There is no such thing as a good or a bad time to travel in Africa. Period. If you travel in the wet season, everything is fresh and green. Nature is at its best, making for stunning photos, however its tougher to spot wildlife because the bush is so thick.
If you travel to Africa in the dry season, its dusty and nature is dry, but it is much easier to spot wildlife. Traveling in the rainy season does affect your travel, rains in most areas in East and Southern Africa come fast and furious. This means that you experience intense downpours, but then the sun comes out again and all is well. You don’t have to worry about spending 3 weeks on an overland safari and not seeing the sun once. The sun will come out, but if all else fails, a spray-on suntan seems to work wonders too.
There are only 7 northern white rhino left in the world and conservationists are worried about the future reproduction of the world’s rarest large mammal.
Decline in the Northern White Rhino Population
The reason for the decline in the population is attributed to hunting, poaching, and loss of habitat.
Graph Above: In 1960 the northern rhino population was over 2000. In the 1970s and 1980s the population dropped from 500 to 15 because of poaching. Managing to recover slightly, the population climbed to 25 in 1997 and went on to reach a peak of 32 in 2003. After 2003, poaching shot up and in 2009 the population dwindled to 8 northern white rhinos left in the world. 2011 has seen the population reach an all-time low when one of the 8 last northern white rhino’s left, died of old age.
Northern White Rhino Moved From Czech to Kenya
Until 2009, the last eight northern white rhinos lived in two zoos in Europe and the USA. On December 20, 2009, four of the last eight were moved from Dvur Králové Zoo in the Czech Republic to Ol Pejeta Conservancy in Laikipia, Kenya.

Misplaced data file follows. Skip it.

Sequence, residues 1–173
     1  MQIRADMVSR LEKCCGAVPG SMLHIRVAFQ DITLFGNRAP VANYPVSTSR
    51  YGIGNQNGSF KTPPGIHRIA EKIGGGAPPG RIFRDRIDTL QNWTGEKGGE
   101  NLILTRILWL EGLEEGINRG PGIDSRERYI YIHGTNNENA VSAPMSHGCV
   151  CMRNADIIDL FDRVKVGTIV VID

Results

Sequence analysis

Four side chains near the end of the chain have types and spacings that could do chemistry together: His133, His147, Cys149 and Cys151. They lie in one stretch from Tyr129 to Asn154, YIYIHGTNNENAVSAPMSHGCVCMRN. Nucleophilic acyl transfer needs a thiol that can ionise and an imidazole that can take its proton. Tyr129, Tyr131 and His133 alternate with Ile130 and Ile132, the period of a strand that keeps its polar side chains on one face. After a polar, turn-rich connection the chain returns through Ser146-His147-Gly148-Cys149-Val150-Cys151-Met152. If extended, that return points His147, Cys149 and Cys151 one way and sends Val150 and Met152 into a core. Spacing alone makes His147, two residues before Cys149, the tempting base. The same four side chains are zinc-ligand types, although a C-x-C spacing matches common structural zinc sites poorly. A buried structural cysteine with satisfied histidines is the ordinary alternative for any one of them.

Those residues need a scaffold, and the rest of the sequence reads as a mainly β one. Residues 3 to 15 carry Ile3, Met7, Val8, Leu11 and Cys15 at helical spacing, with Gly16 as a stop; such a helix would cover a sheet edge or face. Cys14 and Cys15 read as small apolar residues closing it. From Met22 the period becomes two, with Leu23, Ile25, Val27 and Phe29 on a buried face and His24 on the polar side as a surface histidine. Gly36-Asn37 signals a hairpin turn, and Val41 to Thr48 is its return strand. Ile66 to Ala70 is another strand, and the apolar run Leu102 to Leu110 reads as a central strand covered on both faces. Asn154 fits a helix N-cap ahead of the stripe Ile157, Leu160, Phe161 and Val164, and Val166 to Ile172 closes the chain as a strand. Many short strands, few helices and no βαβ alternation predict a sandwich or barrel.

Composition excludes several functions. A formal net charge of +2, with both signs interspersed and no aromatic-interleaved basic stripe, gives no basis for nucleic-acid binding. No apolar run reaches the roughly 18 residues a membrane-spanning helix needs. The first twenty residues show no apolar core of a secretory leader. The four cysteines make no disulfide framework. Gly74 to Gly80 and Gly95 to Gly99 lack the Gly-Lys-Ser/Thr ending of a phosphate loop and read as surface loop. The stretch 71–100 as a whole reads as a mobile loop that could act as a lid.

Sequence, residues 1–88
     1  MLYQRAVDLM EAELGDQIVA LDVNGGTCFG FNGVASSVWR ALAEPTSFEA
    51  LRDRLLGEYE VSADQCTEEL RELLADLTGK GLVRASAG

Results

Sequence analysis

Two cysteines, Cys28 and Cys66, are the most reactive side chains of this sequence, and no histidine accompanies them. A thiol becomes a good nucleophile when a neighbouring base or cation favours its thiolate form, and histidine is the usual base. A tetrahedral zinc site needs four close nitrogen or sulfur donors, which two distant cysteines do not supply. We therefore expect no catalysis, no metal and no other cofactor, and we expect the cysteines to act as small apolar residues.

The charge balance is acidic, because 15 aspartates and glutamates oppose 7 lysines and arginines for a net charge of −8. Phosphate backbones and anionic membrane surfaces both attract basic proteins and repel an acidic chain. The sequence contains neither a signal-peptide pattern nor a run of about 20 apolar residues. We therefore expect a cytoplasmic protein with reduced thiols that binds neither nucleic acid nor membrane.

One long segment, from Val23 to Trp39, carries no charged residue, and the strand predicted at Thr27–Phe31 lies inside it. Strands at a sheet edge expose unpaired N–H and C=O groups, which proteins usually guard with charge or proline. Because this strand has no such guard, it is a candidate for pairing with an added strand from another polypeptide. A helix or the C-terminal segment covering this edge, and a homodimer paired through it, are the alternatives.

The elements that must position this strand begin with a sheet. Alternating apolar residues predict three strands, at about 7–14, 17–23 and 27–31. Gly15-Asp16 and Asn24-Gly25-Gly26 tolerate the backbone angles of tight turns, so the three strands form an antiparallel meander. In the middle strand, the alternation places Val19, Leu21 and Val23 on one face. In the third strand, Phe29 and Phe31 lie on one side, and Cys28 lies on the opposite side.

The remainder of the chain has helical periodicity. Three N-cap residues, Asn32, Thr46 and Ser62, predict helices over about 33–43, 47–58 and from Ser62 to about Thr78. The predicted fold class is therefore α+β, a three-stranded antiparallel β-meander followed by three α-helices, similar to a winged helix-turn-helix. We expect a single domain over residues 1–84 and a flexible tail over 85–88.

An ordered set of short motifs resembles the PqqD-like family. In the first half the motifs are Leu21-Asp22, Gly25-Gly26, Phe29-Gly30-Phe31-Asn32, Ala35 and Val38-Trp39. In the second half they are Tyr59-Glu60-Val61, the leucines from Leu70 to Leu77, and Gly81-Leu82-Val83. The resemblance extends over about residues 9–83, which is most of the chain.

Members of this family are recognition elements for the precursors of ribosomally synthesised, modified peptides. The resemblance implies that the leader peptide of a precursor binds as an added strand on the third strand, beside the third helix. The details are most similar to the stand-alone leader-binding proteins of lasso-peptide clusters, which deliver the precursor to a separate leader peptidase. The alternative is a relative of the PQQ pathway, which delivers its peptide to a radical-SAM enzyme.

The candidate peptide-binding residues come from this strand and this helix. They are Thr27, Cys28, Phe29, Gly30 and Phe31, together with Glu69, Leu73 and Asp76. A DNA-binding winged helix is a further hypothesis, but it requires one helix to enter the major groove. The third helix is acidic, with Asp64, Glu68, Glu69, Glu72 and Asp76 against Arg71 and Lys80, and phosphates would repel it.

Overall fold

“They are listed as critically endangered on the IUCN Red List of Threatened Species and are thought to be extinct in the wild. Moving them now is a last bid effort to save them and their gene pool from total extinction.” Said Dr Rob Brett, Africa Regional Director at Fauna & Flora International, and member of the IUCN African Rhino Specialist group.
Above: The northern white rhino is categorised as ‘critically endangered’ by IUCN Red List.
Reproduction of Northern White Rhino
While in captivity, the survival rate of northern white rhinos are good, but reproduction rates are extremely low. The four rhinos were relocated back into the wild in hope of bringing about successful mating. Many said that the operation would put the animals at risk because they had spent so long in protected conditions and they would not be used to the harsh African environment.
Members of the European Association of Zoos and Aquaria stated that they didn’t think that “any significant conservation benefits will happen,” from the placement of the rhino back in the wild and in March 2011, they were almost correct. Just over 15 months of being released into the central Kenyan highlands and the northern white rhino’s began ‘mating’ activities. This behavioral change served to confirm that the four rhino had shed their non-procreational coexistence that they adopted while living in captivity and had now returned to the way nature intended it. Although the rhinos have been mating since in Africa, there have not been any offspring which have resulted from intercourse.
With reproduction of northern white rhinos coming to a halt, inter-crossing of the northern and southern species is planned by conservationists in order to ensure that the genes of the northern white rhino do not die with the last of their species.
Northern White Rhino Stem Cell Development
However, with recent technology, it seems that all hope is not dead in losing the rare strain of the rhino’s gene. With the use of stem cell development it may be possible to produce the northern white rhino from a test tube.
Director of Genetics at San Diego Zoo’s Institute for Conservation Research, Dr. Oliver Ryder says: “The greatest contribution this technology might make is to prevent extinction by using stem cells to assist with rescuing the genetic variation in increasing the reproduction of a critically endangered species.”
The video below outlines the possibility of using science effectively to save the northern white rhino: